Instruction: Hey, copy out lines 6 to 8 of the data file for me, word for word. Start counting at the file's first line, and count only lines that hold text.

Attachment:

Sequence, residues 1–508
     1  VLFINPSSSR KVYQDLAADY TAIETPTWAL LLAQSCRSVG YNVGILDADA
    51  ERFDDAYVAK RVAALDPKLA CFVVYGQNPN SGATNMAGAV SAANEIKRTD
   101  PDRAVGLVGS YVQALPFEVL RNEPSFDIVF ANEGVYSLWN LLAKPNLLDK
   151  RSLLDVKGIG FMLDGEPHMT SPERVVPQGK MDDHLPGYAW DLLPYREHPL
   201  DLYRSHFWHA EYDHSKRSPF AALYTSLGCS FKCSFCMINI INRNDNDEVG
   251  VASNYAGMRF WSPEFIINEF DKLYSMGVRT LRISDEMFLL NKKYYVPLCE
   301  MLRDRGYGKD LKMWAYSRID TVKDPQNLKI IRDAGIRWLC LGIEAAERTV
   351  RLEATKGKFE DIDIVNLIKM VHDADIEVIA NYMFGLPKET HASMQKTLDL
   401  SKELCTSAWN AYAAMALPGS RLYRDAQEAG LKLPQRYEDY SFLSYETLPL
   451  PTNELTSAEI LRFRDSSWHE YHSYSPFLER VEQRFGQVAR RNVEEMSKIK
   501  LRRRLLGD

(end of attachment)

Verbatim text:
   201  DLYRSHFWHA EYDHSKRSPF AALYTSLGCS FKCSFCMINI INRNDNDEVG
   251  VASNYAGMRF WSPEFIINEF DKLYSMGVRT LRISDEMFLL NKKYYVPLCE
   301  MLRDRGYGKD LKMWAYSRID TVKDPQNLKI IRDAGIRWLC LGIEAAERTV